It’s been a long time coming, and now it’s finally near — the Facebook IPO is only a day away. One of the most hyped initial public offerings in recent history has only gotten hotter, with both the price range and the number of shares made available getting juiced this week.
But should you?
It might be tempting to jump in, but you should always do your homework first. Before you decide to jump headfirst into the social media IPO to beat all social media IPOs, let’s take a look at the primary pros and cons of Facebook:
Leadership: Mark Zuckerberg has an innate sense of what makes for highly engaging technology. Facebook was no accident — before he created the social network, he already had developed several other highly popular apps.
Zuckerberg has been smart enough to surround himself with other smart people, such as the co-founders of companies like PayPal, LinkedIn (NYSE:LNKD) and Zynga (NASDAQ:ZNGA). He also has shown that he can make tough decisions. For example, Zuckerberg launched the News Feed in 2006 and refused to pull it against a wave of protests, instead choosing to tweak it down the line to gradually improve the experience.
And Zuckerberg also has the all-important resolve to fire people, exemplified by the pushing-out of co-founder Eduardo Saverin, who he considered to be a drag on the company.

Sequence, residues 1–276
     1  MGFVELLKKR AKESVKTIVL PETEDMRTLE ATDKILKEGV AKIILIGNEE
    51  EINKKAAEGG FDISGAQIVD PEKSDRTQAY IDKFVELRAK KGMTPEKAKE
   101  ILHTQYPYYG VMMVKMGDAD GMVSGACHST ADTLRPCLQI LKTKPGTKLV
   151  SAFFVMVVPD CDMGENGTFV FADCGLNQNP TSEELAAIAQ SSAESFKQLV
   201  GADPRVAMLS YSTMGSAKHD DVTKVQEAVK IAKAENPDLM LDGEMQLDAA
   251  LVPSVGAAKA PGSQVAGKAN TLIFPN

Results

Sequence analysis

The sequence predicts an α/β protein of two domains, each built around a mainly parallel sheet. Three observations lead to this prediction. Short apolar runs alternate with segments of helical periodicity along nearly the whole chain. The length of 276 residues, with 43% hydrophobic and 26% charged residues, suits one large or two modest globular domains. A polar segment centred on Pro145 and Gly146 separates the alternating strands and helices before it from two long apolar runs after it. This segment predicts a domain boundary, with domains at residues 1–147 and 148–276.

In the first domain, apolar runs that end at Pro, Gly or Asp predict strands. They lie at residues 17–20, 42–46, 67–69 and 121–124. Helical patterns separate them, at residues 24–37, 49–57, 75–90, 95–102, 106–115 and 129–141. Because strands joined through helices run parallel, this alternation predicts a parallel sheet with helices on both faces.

Investor Interest: Facebook is likely to be a cult stock — that is, many investors and fund managers will take a position in FB simply because of its marquee status. Also, the enormous market value of Facebook automatically will make FB part of many indices for exchange-traded funds after a few weeks, which will drive even more demand for the shares.
Strong Financials: If the Facebook IPO prices at $38, the company will be able to put more than $10 billion in the bank. No doubt, that kind of cash horde will be pivotal as it competes against companies like Google (NASDAQ:GOOG) and Microsoft (NASDAQ:MSFT) for acquisitions.
Amazing Platform: Facebook has extensive demographic information on almost 1 billion people, making it possible to target ads based on factors like age, gender and interests. It’s essentially the holy grail for marketers.
Brand: Facebook is one of the most valuable brands in the world, and the name is synonymous with social networking. With so much noise in the global marketplace, a top-of-mind brand is incredibly important, especially for sustaining a company’s growth.
Monetization: Zuckerberg has been clear that monetizing Facebook isn’t a big priority; instead, he worries mostly about the consumer experience.
Unfortunately for investors, this focus might be too lopsided for comfort. So far, despite its gains, Facebook’s business model has been fairly lackluster, with most of its revenues coming from display ads, and another chunk coming from Zynga’s games.
If Facebook wants to get its revenues going, Zuckerberg needs to put much more focus on catering to marketers. General Motors’ (NYSE:GM) bombshell of nixing its $10 million Facebook ad spend raises serious concerns about a pushback from other major brands. If this trend starts to spread, it could result in an enormous drag on revenues.